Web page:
Canada’s economic recovery and employment levels

Andy Adams

Oct 19, 2021

According to a recent story in Bloomberg, Canada’s surprise jobs surge that was reported in early October, recoups the pandemic losses, but our full recovery is still a way off.

The story noted that the Canadian economy added a net 157,100 jobs in September, all of them accounted for by full-time positions. In fact, you could say that the recovery from the COVID-19 recession is almost complete, judging by the latest jobs report. Emphasis on “almost.” 

Statistics Canada said on Oct. 8, that Canada’s economy added 157,000 jobs in September, an unexpected surge that pushed employment to 19.131 million, compared with 19.13 million on the eve of the first wave of COVID-19 infections in February 2020.

It’s been a fast recovery. The agency’s data show Canada recouped the three million jobs lost during the pandemic in 19 months, compared with the 27 months it took to claw back the 411,000 positions lost during the Great Recession, an argument in favour of the aggressive economic rescue packages assembled by the Bank of Canada and Justin Trudeau’s government. On the other hand, we are sure to have a significant budget deficit and continued ultra-low interest rates may be sowing the seeds of a future financial crisis. But, if the mission was to avoid a painfully slow recovery, the strategy seems to have worked.

Recently, we have written in this column about the supply chain and product shortages, and while Canada’s employment picture is looking good, businesses are far from being back to normal. That may include your marine industry business.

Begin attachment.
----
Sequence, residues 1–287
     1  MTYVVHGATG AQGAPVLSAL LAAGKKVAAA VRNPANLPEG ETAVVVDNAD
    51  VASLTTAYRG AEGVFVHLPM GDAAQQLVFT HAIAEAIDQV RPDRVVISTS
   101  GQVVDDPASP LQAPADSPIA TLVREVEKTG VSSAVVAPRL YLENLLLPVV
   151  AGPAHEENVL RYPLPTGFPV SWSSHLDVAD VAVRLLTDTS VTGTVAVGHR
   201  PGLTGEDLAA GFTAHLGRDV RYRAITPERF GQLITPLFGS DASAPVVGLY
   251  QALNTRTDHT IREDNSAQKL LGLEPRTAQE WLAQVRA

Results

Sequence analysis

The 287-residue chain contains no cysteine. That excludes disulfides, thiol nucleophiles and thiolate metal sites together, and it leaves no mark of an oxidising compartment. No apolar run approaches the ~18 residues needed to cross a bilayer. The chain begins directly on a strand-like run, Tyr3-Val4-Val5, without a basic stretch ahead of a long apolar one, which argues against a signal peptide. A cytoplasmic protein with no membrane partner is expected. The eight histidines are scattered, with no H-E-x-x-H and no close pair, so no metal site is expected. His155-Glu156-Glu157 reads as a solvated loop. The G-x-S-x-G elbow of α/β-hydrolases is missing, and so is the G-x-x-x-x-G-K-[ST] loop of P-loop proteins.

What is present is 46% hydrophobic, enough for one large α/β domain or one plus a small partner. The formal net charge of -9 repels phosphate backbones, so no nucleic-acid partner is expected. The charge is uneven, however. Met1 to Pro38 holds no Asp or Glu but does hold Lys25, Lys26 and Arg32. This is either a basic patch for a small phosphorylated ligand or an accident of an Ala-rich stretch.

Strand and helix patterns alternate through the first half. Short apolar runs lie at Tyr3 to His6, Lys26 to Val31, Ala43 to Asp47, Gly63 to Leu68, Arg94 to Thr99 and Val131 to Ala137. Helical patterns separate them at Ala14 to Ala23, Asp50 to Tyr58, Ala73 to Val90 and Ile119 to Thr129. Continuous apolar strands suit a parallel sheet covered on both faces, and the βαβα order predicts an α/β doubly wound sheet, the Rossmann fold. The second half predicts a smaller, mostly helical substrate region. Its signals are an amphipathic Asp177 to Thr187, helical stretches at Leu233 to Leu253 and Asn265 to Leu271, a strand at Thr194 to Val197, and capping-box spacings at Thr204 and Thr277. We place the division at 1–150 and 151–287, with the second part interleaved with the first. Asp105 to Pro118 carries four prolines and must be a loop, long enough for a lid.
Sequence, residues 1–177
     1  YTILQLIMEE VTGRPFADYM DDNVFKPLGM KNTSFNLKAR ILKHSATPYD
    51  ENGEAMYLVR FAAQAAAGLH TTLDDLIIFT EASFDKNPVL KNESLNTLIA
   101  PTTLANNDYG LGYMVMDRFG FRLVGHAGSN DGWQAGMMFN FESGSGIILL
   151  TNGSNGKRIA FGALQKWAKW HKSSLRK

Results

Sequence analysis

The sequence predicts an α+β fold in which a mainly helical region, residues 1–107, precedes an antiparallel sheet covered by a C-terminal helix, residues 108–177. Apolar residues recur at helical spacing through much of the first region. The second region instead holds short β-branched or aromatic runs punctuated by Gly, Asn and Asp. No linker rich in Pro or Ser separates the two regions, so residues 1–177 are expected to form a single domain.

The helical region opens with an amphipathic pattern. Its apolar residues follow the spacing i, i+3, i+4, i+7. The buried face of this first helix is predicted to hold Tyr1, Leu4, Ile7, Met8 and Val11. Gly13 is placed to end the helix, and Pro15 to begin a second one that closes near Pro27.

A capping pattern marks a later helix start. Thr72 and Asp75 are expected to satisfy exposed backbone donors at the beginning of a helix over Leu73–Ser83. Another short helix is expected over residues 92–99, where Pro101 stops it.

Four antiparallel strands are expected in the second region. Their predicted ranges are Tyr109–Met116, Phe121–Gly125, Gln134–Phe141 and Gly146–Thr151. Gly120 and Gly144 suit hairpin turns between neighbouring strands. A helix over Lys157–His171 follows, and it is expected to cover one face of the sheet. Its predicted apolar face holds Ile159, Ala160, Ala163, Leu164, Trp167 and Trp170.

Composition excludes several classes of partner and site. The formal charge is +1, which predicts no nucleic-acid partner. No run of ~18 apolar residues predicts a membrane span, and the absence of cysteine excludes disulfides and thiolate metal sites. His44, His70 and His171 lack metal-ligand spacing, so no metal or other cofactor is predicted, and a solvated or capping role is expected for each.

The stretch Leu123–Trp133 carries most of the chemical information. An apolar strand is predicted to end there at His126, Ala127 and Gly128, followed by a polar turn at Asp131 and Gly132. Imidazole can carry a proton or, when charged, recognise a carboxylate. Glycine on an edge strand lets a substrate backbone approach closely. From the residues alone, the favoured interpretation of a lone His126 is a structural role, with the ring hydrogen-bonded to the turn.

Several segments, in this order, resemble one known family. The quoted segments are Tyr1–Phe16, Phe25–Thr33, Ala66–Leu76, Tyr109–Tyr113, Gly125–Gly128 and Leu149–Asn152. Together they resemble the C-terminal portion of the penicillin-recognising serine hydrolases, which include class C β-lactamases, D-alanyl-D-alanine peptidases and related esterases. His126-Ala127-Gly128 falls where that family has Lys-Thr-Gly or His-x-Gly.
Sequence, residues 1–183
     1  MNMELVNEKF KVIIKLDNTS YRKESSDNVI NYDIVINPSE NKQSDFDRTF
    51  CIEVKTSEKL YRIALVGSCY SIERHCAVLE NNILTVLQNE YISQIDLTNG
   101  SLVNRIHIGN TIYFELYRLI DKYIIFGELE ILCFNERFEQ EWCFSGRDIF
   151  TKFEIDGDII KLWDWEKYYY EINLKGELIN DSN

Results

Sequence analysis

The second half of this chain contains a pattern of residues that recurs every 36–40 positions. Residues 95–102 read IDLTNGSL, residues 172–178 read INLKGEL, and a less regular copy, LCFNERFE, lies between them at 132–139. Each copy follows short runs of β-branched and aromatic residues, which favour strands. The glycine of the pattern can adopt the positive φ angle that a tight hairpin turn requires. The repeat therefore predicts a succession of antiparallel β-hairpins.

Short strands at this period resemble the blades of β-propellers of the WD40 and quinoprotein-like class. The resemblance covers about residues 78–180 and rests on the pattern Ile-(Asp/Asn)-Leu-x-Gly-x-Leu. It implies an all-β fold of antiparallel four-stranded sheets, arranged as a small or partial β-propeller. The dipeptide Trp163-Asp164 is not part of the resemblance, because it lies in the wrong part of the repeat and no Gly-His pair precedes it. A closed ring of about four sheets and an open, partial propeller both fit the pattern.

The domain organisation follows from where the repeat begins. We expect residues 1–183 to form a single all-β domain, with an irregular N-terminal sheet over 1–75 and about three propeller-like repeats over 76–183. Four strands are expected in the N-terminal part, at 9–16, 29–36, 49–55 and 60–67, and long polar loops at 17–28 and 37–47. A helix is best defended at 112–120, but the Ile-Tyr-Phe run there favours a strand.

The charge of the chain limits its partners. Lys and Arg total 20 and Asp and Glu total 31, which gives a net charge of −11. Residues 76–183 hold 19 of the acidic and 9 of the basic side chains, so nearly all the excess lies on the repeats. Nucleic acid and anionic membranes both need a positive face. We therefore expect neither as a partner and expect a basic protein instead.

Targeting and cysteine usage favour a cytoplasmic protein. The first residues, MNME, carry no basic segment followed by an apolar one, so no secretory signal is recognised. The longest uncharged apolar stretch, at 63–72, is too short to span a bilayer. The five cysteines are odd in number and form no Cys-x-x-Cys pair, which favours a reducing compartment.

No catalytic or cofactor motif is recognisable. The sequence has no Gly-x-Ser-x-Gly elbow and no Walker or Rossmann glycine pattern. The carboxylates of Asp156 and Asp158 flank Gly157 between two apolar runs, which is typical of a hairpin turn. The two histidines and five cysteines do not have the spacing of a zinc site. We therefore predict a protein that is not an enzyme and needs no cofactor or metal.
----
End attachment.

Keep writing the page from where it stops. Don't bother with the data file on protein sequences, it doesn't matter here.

For years, boating has been challenged to attract sufficient workers and we suspect that is still the case.

Indications are that relatively highly skilled and highly paid workers are now doing better than they did before the crisis, but Statistics Canada’s latest hiring data suggest that there were 654,000 fewer workers making less than $20 per hour in September than there were at the start of the pandemic. At this point, the recovery seems to be far from complete, and it’s also become imbalanced.

One of the indicators the governor watches most closely is the distribution of hiring by wage rates. Employment of workers who make more than $30 per hour was 14 per cent above its pre-pandemic level in September, and it was eight per cent higher for those who earn between $20 and $29.99.

But employment of workers lower on the pay ladder took a step back. The number of people earning between $12 per hour and $20 per hour was still 11 per cent below what it was in February 2020, and long-term unemployment remains a significant worry. 

What does this mean to the boat business? Does your business have the people and skills that you need to succeed in the coming year?

With the end of the season in most Canadian markets, are you now loosing people, or can you finally attract more staff?

Boating Industry Canada will plan a News Week Employment survey in the coming weeks. We hope you will contribute your data to help us paint a national employment picture for the coming year.

Andy Adams – Editor 

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